I have learned so much in the past couple of weeks
    just by being able to see and hear everyone on this site.

  2. Leslie Hanes says:

    I had no idea what a marker was, when I did my first factory cut and sew. We had always cut our towels by hand (stacking fabric, yes, but using chalk marks we measured, then cutting with knife)
    When I was asked where I wanted to get markers made, I was clueless. Why would my cutter need a marker to cut a towel that was square? But, he was gentle with me…didn’t even call me a dumb blonde. No marker-no cutting. Not like the 1800’s I guess!

    Oh, the things I didn’t (still don’t) know!


  3. Beth Laske-Miller says:

    I have found that very few Kinkos have even a 36″ plotter, and are not generally very knowledgeable about how to use it. You almost have to get in there and show them how to do it. It is a cost-effective option, however. I also had an issue with Kinkos where the software that they ran my files through automatically scaled the pattern down slightly for no discernible reason. Yikes! Nightmare of wasted money and materials until the error was realized. So, until I got my own plotter (36″), I worked out a deal with a local architectural engineering firm who would let me use their plotter at a very reasonable hourly rate, plus I brought my own paper (and occasional treats, coffee, etc . . .). They truly understood the need for pages to be printed in the correct scale. It’s always possible to come up with a non-traditional solution :)

  4. Leslie Hanes says:

    I was at a yard sale recently and a house builder was selling a plotter fairly cheap…he used to have his own house plans done but doesn’t bother now. Is this the same type plotter that is used for patterns? Are old ones worth getting? It’s probably a little over 10 years old, I could tell because the cord had a parallel port for the computer instead of usb. If it’s worthwhile,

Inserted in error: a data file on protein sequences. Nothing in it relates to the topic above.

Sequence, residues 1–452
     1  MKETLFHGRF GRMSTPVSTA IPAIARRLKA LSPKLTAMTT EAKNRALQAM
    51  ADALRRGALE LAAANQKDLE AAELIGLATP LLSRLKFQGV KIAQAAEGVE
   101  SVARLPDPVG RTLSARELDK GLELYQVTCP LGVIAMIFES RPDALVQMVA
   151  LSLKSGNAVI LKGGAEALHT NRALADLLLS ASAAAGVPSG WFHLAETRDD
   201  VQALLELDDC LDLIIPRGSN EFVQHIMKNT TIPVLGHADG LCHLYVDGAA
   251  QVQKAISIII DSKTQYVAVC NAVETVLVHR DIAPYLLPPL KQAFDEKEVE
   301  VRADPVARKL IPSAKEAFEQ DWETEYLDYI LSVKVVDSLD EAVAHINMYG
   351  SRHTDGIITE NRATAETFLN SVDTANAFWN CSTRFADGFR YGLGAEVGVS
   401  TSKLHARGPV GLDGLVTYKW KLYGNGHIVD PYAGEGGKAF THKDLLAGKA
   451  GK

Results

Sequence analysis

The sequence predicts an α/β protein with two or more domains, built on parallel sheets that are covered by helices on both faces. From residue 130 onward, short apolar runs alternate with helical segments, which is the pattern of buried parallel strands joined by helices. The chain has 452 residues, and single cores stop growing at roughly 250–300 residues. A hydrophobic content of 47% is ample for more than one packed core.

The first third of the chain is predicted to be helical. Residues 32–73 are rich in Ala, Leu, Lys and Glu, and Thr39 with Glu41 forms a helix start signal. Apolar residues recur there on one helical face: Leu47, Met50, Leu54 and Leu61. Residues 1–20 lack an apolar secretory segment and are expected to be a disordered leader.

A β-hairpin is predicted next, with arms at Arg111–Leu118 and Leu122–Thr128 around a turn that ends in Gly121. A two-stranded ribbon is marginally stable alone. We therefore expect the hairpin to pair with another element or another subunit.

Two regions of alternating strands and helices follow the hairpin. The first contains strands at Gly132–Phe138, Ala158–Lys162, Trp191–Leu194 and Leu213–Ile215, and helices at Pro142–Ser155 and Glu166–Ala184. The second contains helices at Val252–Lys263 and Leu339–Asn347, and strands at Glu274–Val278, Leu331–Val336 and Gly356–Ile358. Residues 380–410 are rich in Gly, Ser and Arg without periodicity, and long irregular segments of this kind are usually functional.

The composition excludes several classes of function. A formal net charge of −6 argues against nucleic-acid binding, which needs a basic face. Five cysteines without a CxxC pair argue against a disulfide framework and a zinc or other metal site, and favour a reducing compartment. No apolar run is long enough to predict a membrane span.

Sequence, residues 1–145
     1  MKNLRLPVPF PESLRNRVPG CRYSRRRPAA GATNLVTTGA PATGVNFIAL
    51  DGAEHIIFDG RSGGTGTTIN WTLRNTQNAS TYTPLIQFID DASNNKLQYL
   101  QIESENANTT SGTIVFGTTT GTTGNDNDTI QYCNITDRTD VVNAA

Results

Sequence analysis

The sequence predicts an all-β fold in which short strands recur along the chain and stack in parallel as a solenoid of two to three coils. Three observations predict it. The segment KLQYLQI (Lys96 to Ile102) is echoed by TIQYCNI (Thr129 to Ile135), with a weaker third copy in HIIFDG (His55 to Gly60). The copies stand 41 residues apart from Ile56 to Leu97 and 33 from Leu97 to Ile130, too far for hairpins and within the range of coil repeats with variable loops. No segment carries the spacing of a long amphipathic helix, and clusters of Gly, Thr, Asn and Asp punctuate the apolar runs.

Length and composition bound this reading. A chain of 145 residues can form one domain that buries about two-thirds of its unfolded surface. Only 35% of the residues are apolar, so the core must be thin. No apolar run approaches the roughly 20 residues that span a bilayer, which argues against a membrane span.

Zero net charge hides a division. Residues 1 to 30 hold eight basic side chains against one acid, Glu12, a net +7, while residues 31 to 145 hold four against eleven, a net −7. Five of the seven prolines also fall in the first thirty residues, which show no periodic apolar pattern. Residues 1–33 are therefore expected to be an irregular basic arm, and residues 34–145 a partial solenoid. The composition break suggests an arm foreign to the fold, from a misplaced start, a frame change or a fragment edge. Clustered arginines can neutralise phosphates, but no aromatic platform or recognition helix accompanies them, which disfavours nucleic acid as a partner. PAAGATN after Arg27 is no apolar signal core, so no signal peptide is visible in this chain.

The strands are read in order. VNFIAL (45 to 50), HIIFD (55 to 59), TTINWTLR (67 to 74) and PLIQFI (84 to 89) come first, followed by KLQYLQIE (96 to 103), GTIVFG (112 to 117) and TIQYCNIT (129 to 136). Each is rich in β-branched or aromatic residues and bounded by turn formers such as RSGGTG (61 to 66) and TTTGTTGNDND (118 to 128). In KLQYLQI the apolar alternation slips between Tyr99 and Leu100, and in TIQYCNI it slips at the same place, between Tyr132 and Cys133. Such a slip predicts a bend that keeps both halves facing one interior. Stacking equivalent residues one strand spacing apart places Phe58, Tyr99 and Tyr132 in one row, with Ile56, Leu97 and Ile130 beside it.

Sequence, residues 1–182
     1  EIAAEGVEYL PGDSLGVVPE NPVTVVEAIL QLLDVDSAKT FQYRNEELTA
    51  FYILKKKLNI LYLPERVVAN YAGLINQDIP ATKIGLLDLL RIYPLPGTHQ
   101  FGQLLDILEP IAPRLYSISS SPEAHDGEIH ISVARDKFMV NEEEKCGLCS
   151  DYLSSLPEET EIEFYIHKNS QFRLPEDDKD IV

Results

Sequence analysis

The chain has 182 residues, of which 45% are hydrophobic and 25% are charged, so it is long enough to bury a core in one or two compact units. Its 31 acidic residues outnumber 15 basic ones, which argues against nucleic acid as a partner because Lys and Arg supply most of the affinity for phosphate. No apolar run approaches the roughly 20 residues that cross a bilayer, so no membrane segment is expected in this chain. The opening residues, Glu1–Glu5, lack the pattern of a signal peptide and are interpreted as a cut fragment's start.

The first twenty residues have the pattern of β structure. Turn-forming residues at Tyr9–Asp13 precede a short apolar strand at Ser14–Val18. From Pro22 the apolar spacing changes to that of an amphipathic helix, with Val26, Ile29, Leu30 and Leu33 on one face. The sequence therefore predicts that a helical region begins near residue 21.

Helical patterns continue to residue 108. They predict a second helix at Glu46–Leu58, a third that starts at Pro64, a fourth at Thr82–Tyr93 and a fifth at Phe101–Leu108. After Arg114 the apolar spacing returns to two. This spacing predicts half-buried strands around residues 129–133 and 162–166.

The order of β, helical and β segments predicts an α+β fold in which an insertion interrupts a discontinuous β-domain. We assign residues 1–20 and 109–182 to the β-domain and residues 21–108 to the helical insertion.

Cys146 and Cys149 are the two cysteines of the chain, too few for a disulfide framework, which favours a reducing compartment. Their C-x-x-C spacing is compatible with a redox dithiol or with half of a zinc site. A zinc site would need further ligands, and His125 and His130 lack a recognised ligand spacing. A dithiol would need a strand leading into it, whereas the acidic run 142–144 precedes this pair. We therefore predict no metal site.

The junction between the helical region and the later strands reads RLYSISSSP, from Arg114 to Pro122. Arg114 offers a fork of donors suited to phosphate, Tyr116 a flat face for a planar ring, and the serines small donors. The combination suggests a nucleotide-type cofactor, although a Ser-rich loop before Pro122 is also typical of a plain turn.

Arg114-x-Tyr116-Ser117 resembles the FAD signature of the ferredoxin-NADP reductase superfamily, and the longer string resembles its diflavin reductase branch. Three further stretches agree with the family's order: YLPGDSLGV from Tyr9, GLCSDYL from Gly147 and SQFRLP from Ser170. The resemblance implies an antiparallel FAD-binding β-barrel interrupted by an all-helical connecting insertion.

I will post details about price. I know he paid thousands of dollars and wanted only a few hundred, but shipping is always a problem.

  5. Dana says:

    Kathleen (or someone else who wants to chime in), perhaps we could take this a little deeper so that we all can broaden our technical language.

    A few more questions: In addition to Gerber, what other CAD programs are commonly used? Is there any program that is more common than others and thus has a wider audience? Or is this a file type issue vs a specific software? What questions do we need to ask of firms that we hire to do our patterns, grading, markers so that we are certain of compatibility when sending electronic files?

    A couple of operational questions are mentioned above and in the book such as pattern format (hard or CAD), table length, cuttable fabric width, matching issues, plotter size, but to take if from there a few more bits of info would be helpful. How about a mini checklist to add to the subject?

  6. carissa says:

    the candy store comment is correct, Kathleen does a great job giving us lots of juicy information.

    here in dallas is a great company – G&M services, inc., in fact in Kathleen’s book she refers to their predecessors. by predecessors i mean companies they have merged together to now have G&M. when i pick up our things i see that they mail markers all over the nation.

  7. Boaz says:


    My designer uses Optitex and my sewing contractor in a different country, uses Gerber. The simplest solution is for my designer to prepare the marker in Optitex and then email it to someone who can print it in Los Angeles, where my sewing contractor is.

    Can you recommend a printer who can open Optitex files and print them on a plotter at least 60″ wide (1.5m).

    Also looking for an employee with sports clothing industry experience in the South LA/Torrance area, Full or Part time. Administration/sourcing/sales/client liason etc….a multi-tasker who is not afraid of learning or trying new things. Our brand is very established in Latin America and is now launching in North America, based in South LA.

  8. Boaz: KJ Marking and Grading uses Optitex and can also work with Gerber files. Her plotting services are very reasonable and she can plot I believe up to 61″. Karol is at 9th and Santee in the Fashion District.

  9. Youcef says:

    When I use a virtual printer like dopdf,I can not print more than 327.61cm on my marker “optitex” how can I print my whole pattern? Is there any other virtual printer that I should use? Thanks